Birds of Seabrook Island

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  Gull-billed Tern
 
 

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  Order Charadriiformes - Plovers, Sandpipers, Gulls, Terns, Auks
   Family Laridae - Gulls, Terns, and Skimmers
      Subfamily Sterninae - Terns

  Charadriiforms are a diverse group of shore and aquatic or wading or terrestrial birds. They include the sandgrouse, shore birds, gulls and terns, and alcids. The majority breed in the Northern Hemisphere.
   The Tree of Life includes shorebirds with the Ciconiiformes.
Gulls and Terns are found along seacoasts and most inland bodies of water around the world.
Terns resemble gulls with pointed bills, shorter legs, and forked tails. The bill is straight and the upper maxilla does not overhang the mandible. There is no cere. Many plunge dive, often from a hovering position.  
     
     
  Gull-billed Tern, Gelochelidon nilotica
 
  Cornell     USGS    WIki     ToL     EoL
        SUMMER - Unommon (breeds) / Fairly Common (breeds)
           DUNES, ESTUARIES, LAGOON (coastal)
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   The Gull-billed Tern is a medium-sized tern (somewhat larger than the Forster's Tern) that feeds on insects and other invertebrates snatched from mudflats, dunes, and the upper beach. They fly gracefully over the myrtles and dunes while searching for food and are often seen from the beach. They may also rest in the lagoon or on the beach with other terns. They have a very pale gray mantle and a thick black bill and longer black legs. Adults have a black head and non-breeding adults have a gray eye-patch that is much less conspicuous than that of the Forester's Tern.
Gull-billed Tern
 

Gull-billed Terns. Beachwalker State Parker, Kiawak Island.
Note two Ruddy Turnstones and a dowitcher.
Photo by Ed Konrad

   
  RANGE: Gull-billed Terns breed locally in western North America. In the east, they range from Long Island south to Florida and west along the Gulf coast to southern Texas. It probably also breeds in the Bahamas and Virgin Islands. It winters from the Gulf coast and southern Florida south to Peru on the Pacific coast and northern Argentina on the Atlantic. The species is nearly worldwide in its distribution.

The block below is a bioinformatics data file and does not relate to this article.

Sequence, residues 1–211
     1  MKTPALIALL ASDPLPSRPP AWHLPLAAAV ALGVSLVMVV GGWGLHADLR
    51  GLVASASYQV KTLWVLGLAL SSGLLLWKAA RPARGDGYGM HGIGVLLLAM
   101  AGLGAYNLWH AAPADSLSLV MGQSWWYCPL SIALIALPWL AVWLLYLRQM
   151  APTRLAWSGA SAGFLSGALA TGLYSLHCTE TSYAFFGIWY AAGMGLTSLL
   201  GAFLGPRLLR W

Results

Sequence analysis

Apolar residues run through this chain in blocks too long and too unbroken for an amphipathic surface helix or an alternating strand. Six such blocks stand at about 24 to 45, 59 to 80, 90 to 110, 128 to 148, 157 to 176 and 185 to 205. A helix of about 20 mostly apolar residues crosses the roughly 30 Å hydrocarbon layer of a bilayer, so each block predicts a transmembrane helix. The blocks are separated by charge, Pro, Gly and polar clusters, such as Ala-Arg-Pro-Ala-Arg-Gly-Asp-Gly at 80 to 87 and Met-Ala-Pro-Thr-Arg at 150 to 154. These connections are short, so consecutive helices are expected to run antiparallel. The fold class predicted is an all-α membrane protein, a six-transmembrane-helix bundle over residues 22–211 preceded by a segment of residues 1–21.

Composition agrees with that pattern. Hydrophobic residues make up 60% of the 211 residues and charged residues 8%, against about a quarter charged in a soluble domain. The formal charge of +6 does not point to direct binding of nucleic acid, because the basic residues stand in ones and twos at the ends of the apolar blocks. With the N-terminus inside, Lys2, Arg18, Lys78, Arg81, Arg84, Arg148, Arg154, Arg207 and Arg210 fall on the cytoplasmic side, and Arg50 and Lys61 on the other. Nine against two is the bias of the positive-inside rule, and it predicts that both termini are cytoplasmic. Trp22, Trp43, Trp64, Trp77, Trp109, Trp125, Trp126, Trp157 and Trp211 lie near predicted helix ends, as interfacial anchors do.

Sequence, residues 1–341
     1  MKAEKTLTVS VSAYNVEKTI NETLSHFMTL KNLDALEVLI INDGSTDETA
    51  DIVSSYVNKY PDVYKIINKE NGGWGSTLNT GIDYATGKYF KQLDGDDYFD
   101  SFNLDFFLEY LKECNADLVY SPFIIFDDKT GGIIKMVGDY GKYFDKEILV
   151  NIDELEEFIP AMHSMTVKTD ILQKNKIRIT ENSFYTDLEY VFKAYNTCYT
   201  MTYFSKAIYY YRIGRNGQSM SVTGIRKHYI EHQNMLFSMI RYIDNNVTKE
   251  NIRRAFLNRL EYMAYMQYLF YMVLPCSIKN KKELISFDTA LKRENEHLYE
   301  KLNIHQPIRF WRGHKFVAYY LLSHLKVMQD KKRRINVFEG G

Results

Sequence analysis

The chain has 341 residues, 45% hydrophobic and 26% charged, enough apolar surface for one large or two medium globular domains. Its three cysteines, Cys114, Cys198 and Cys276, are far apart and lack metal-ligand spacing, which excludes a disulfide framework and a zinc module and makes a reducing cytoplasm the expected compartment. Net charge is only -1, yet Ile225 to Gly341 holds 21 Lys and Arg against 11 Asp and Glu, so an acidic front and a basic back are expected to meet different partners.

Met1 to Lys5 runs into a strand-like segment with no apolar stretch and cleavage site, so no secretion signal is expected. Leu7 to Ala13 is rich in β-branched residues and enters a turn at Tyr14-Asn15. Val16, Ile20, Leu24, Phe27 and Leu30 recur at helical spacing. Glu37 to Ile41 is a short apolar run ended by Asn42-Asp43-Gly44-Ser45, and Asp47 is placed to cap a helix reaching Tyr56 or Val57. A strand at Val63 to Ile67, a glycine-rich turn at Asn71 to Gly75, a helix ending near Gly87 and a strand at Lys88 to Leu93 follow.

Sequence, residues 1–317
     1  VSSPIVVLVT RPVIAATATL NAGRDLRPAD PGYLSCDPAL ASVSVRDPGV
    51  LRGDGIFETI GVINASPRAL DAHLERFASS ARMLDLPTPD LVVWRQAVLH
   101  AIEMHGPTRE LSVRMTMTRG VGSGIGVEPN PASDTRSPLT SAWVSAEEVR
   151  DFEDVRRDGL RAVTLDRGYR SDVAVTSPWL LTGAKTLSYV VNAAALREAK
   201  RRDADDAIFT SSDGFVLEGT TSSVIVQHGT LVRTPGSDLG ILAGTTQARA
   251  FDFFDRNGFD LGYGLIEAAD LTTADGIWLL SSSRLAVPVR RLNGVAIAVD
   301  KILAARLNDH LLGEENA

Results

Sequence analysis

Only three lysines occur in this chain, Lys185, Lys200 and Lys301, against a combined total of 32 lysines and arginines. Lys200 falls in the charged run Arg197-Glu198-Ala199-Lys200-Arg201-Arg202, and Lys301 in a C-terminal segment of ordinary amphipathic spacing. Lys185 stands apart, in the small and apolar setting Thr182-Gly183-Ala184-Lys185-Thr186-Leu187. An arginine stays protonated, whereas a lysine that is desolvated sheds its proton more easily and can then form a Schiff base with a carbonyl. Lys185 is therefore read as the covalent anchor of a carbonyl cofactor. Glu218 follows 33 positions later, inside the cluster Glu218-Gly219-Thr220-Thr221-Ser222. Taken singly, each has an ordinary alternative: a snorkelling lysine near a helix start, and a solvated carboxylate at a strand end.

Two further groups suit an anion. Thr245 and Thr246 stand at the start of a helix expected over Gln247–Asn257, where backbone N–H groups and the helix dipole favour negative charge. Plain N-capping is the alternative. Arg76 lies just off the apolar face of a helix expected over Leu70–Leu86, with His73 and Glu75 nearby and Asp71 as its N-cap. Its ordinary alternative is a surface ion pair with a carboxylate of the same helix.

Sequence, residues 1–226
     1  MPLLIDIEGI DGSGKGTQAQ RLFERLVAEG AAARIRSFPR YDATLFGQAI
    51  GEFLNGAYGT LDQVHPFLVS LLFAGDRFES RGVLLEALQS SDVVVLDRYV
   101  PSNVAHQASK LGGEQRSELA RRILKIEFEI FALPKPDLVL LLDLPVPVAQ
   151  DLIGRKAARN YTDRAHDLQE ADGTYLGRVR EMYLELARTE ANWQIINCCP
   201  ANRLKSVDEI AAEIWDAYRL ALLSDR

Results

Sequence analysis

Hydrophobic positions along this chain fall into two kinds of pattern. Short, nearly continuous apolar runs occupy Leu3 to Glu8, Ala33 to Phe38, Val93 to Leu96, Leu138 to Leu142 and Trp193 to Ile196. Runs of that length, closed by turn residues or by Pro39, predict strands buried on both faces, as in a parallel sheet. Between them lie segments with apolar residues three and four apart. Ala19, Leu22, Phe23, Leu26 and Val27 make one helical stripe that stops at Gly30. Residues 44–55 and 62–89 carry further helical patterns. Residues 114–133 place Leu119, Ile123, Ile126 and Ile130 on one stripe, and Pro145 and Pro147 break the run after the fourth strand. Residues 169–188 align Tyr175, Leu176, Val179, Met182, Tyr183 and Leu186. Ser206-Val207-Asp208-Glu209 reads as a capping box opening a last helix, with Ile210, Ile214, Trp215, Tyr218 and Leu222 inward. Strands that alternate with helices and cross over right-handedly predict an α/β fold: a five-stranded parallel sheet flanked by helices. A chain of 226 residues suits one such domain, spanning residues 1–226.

BREEDING: Monogamous. One brood. For a nest, Gull-billed Terns use a depression rimmed with sand and shells, often concealed in detritus. It is lined with shells and grass (or unlined). Both sexes build. Females lay 2-3 (1-4) eggs which both sexes incubate for 22-23 days. Eggs hatch asynchronously. Young are semiprecocial and leave the nest a few days after hatching. Both parents feed the chicks. Young are able to fly after 28-35 days (4-5 weeks). They may remain with their parents for at least 2-3 months.
   They may breed in colonies - often with Common Terns or Black Skimmers - or alone. They have a long-term pair bond and usually breed at 5 years of age.
  DIET: They feed mostly on insects but will eat spiders, frogs, crustaceans, bird eggs and young, and small mammals. They may dive for fish (rarely). They forage by flying slowly in to the wind and dipping to the surface to pick up food. They may also catch flying insects in the air.
  VOICE: Their call is a nasal yapping that is higher and sharper than the note of the Black Skimmer.
  NOTES:
   Checklists -
      Seabrook. Kiawah - uncommon spring through fall..
      Coastal - fairly common (local) summer resident. Hilton Head - fairly common summer resident. Huntington Beach - rare April - October.
   CBC: Charleston 0, 1, 0, 0, 0, 0, 0, 0;
             McClellanville 0, 0, 0, 0, nc, 0, 1, 0.
   P&G: Fairly common but local breeder on coast. Maximum 320, Raccoon Key, Charleston Co, summer 1973. Dates: 18 March - 30 December. Egg dates: 8 May - 18 July.
   M&P: Maximum number of nests, 340 at Cape Romain in 1972.
   Avendex: 12 records. Every month but April and October.
   Potter: Uncommon to fairly common summer resident from mid-April to September. First found breeding in South Carolina in 1929.
  ●  Gull-billed Terns breed on nearby Deveaux Bank. They are relatively common through the summer - you will probably see 1-3 or more on any beach visit at this time of the year and they will fly over you as you traverse the boardwalk through the myrtles to the beach... Look for their heavy dark bill. They are also  found loafing in the lagoon but are rare on the open beach.
       
    Banner - various shorebirds including three Gull-billed Terns, Lagoon, North Beach.
       
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